Preserving an ICS Member’s Job and Independence

Independence Care System

Independence Care System (ICS) Transitions Of Care Director Stephanie Reynolds, pictured above, and Disability Program Director Elaine Castelluccio recently secured a medically-necessary device for an ICS member, making it possible for her to return home to live independently and keep her job.

ICS member Scheria Keith needed a specialized, standing transfer device installed in her home in order to be discharged from a nursing home and to live independently in her community. The device is generally found only in hospitals and institutions.

As the first and only health home program in New York State with expertise serving people with physical disabilities, ICS staff knew exactly what was needed. They had to demonstrate to her insurer that the standing transfer device was essential to Scheria’s ability to live at home and maintain her independence. To ensure that Scheria was able to return home and to prevent her from losing her job, Stephanie and Elaine embarked on an extensive, months-long process that required ongoing communication with Scheria, her landlord, nursing home staff and providers, and the collection of detailed documentation to prove the medical necessity of the specialized device.

Providing disability competent care

For several months, Stephanie and Elaine worked rigorously and advocated for Scheria, highlighting how the standing transfer device was accessible in Scheria’s home, while proving—through trial and outcome—that other types of equipment could not support her.

Stephanie helped to collect pictures necessary to document that the home was accessible for the required device. Traditional equipment was also tested, Elaine said, but none worked for Scheria.

“We had to get information from her doctor, including a letter of medical necessity from her orthopedic doctor,” Stephanie said. “We also took pictures and measurements of her apartment to show that certain equipment would not be usable, or would not fit in the apartment. We had meetings—emails and phone calls were flying back and forth.”

Elaine noted the challenge of communicating with a variety of key players, and ensuring that outcomes were documented so that ICS could move the process along.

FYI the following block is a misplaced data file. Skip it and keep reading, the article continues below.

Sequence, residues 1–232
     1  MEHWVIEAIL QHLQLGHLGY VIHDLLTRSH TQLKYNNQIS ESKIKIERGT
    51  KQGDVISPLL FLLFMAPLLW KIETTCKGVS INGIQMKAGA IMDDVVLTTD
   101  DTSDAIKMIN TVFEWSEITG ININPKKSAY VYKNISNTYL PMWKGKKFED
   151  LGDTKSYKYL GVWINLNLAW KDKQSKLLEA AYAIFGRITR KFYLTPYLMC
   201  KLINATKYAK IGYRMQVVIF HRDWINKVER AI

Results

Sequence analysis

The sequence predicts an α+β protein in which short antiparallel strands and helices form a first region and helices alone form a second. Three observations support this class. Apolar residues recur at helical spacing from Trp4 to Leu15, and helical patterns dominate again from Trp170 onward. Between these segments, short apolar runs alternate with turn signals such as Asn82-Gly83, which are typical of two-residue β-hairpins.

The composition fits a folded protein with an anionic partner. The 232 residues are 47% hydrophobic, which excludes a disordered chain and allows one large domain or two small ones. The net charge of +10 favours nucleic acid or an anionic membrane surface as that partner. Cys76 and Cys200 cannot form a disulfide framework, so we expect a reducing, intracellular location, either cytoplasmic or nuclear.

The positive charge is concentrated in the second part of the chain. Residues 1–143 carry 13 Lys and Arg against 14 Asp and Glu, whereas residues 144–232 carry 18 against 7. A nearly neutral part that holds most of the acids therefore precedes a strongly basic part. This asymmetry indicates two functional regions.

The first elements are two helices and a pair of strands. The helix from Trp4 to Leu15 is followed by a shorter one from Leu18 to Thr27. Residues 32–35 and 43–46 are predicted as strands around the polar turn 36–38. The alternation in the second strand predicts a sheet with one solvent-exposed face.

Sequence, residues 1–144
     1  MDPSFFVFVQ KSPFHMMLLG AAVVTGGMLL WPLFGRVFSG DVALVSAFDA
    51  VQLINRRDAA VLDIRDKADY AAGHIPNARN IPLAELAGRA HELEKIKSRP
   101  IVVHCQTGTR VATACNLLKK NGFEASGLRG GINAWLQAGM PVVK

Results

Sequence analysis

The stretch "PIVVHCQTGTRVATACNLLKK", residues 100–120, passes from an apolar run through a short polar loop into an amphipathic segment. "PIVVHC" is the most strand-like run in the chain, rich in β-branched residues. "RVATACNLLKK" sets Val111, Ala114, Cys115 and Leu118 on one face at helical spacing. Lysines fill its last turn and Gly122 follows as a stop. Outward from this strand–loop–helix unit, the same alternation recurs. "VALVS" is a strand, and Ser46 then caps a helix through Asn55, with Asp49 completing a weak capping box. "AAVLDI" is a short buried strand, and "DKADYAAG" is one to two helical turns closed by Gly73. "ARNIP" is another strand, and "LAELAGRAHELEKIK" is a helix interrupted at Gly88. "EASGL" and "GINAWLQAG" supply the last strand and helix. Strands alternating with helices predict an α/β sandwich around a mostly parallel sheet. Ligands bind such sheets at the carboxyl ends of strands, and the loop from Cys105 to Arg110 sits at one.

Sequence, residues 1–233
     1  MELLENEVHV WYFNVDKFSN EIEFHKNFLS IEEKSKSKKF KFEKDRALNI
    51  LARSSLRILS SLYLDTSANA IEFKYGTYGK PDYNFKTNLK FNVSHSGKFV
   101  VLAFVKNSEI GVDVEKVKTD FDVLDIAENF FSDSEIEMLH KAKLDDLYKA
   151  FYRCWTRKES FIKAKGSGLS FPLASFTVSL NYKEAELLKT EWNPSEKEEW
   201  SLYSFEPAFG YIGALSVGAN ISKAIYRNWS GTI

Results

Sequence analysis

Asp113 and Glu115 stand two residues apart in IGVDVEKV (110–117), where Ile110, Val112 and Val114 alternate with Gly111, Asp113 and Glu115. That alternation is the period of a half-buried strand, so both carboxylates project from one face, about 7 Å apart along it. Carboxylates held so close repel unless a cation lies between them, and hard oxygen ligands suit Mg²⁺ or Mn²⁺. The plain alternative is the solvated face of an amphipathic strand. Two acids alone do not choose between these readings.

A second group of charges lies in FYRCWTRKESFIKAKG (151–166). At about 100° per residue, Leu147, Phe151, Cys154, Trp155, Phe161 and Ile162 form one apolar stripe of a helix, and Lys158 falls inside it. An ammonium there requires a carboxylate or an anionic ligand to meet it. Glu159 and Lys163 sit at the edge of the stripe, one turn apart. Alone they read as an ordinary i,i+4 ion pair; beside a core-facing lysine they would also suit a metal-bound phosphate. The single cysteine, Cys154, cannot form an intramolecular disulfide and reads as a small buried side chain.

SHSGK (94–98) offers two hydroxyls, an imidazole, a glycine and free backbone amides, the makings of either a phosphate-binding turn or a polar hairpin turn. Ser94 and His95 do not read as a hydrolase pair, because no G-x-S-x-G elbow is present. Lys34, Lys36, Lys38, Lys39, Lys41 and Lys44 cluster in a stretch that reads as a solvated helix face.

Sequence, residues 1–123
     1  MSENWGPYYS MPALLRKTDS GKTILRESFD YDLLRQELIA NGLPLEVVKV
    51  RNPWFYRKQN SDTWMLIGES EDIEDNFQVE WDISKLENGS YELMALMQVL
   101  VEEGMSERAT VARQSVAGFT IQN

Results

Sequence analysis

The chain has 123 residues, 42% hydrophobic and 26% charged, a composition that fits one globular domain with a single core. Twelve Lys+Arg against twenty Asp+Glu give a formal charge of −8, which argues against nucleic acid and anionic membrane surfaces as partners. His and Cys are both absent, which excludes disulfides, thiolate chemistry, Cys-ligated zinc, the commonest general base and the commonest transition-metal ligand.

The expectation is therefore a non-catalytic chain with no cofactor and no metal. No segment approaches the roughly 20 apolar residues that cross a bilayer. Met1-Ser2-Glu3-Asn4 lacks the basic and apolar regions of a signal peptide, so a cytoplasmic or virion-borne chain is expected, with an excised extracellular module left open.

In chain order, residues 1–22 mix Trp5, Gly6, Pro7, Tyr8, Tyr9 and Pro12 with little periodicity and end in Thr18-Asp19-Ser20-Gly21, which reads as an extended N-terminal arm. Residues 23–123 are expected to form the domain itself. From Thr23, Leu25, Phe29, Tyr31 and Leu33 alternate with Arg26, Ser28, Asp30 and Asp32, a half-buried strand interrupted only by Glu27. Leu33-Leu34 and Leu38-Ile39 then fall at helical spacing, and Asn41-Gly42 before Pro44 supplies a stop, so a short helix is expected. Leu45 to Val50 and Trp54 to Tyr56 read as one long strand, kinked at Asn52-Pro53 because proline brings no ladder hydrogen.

“There were so many pieces to put together in this case—this wasn’t a usual request,” Elaine said.

While focusing on gathering pertinent, supporting documentation, Stephanie and Elaine also had to keep in mind the well-being of Scheria, who was eager to return home after staying in a nursing home for months and as a result, was running the risk of losing her job.

“She was desperate to get home,” Stephanie said. “She wanted this to be done as quickly as possible.”

ICS secures specialized device

After months of compiling documentation and evidence to support Scheria’s need for her specialized device, ICS met all the required criteria and the transfer equipment was approved by Scheria’s insurer. Finally, Scheria was cleared to return home.

Elaine explained that upon approval, ICS then needed to then find a vendor who could supply the equipment to Scheria’s home.

“The only vendor willing to take the case was south of Buffalo,” Elaine said, noting that the vendor made the drive to deliver the equipment. “Time was of the essence. This is what ICS is meant to do. What would Scheria have done if this didn’t happen?”

Stephanie echoed those sentiments, noting that what mattered most was Scheria returning home, while receiving the care and service she needs.

“If she hadn’t been discharged, she would have potentially lost her job,” Stephanie said. “This was a time-sensitive issue that needed to be addressed. This is what our transition team does. We work to get people home and help them receive the services they need.

“It was quite the extensive process to have this equipment authorized,” Stephanie added. “We fought as hard as we could. We were thrilled we were able to get her home, back in her own community, and living as independently as possible.”

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